What is a FODMAP Diet Plan?

FODMAP Diet Planisdiet plan was originally developed to help manage the symptoms associated with irritable bowel syndrome.

FODMAP stands for Fermentable Oligosaccharides Disaccharides Monosaccharides and Polyols.

 

Basically they are short-chain carbohydrates (sugars and fibres) that are ‘osmotic,’ meaning they pull water into the small intestine. This can cause diarrhoea in an individual with a fast-moving intestine, and the person more prone to constipation may feel like they have a water balloon in their gut.

The main dietary sources of the four groups of FODMAPs include:

  • Oligosaccharides: Wheat, rye, legumes and various fruits and vegetables, such as garlic and onions.

  • Disaccharides: Milk, yogurt and soft cheese. Lactose is the main carb.

  • Monosaccharides: Various fruit including figs and mangoes, and sweeteners such as honey and agave nectar. Fructose is the main carb.

  • Polyols: Certain fruits and vegetables including blackberries and lychee, as well as some low-calorie sweeteners like those in sugar-free gum.

FODMAPs are abundant. They are found in everyday foods—like milk, yogurt, wheat, barley, rye, apples, pears, onion, garlic, and kidney beans. And they are innately healthy for most of us who do not have IBS symptoms. There are high FODMAP foods and there are low FODMAP foods

FODMAP Diet

Keep in mind that the purpose of a FODMAP diet is not to completely eliminate FODMAPs — which is extremely difficult.

Simply minimising these types of carbs is considered sufficient to reduce digestive symptoms.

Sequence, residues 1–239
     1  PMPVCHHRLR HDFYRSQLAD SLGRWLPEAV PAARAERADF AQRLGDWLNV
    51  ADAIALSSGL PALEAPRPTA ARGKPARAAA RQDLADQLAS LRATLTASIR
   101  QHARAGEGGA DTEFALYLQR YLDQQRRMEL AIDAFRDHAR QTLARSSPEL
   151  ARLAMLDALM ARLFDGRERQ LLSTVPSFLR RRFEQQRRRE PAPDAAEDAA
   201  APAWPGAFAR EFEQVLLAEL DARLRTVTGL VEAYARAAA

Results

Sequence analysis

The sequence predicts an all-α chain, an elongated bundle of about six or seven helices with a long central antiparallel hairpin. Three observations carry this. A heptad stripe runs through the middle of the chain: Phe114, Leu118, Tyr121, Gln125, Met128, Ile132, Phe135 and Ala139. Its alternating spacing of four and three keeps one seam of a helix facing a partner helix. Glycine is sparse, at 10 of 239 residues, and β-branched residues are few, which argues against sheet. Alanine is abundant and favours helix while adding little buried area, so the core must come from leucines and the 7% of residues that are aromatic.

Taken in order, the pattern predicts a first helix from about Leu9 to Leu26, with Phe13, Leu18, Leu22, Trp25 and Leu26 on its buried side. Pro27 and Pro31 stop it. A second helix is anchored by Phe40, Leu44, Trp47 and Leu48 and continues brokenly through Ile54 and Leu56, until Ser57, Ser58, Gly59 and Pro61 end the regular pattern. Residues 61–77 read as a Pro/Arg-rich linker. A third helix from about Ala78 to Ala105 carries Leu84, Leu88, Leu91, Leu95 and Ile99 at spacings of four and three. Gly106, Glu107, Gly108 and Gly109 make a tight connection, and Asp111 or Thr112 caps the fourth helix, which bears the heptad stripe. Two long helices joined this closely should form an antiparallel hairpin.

There is a wide variety of healthy and nutritious foods that you can eat on a low-FODMAP diet, including:

  • Meats, fish and eggs: These are well tolerated unless they have added high-FODMAP ingredients like wheat or high-fructose corn syrup

  • All fats and oils

  • Most herbs and spices

  • Nuts and seeds: Almonds, cashews, peanuts, macadamia nuts, pine nuts, sesame seeds (but not pistachios, which are high in FODMAPs)

  • Fruits: Bananas, blueberries, cantaloupe, grapefruit, grapes, kiwi, lemons, lime, mandarins, melons (except watermelon), oranges, passionfruit, raspberries, strawberries

  • Sweeteners: Maple syrup, molasses, stevia and most sugar alcohols

  • Dairy products: Lactose-free dairy products, hard cheeses and aged softer varieties like brie and camembert

  • Vegetables: Alfalfa, bell peppers, bokchoy, carrots, celery, cucumbers, eggplant, ginger, green beans, kale, lettuce, chives, olives, parsnips, potatoes, radishes, spinach, spring onion (only green), squash, sweet potatoes, tomatoes, turnips, yams, water chestnuts, zucchini

  • Grains: Corn, oats, rice, quinoa, sorghum, tapioca

  • Beverages: Water, coffee, tea, etc.

  • The Low FODMAP Diet restricts high FODMAP foods to reduce uncomfortable, distressful digestive symptoms, and consists of the following 3 phases:

  • Phase 1 (2–6 weeks) – Elimination
    Remove all high FODMAP foods from the diet to assess whether FODMAP-rich foods are triggering GI symptoms. This is a highly restrictive phase and not sustainable long-term.

  • Phase 2 (8–12 weeks) – Reintroduction
    Work with a practitioner to reintroduce FODMAPs in a methodical manner, one food at a time. This phase is very individualized—every person reacts to different high FODMAP foods in different ways.

  • Phase 3 – Maintenance
    Listen to your gut. Pay close attention to shifts in the FODMAPs that work and don’t work for you. Incorporate methods to manage/reduce emotional stress to ultimately ease digestive stress.

FODMAP Diet Planner: If you are planning to start of with FODMAP diet for yourself or any of your family member, below chart can give you quick grasp on what you can and cannot eat.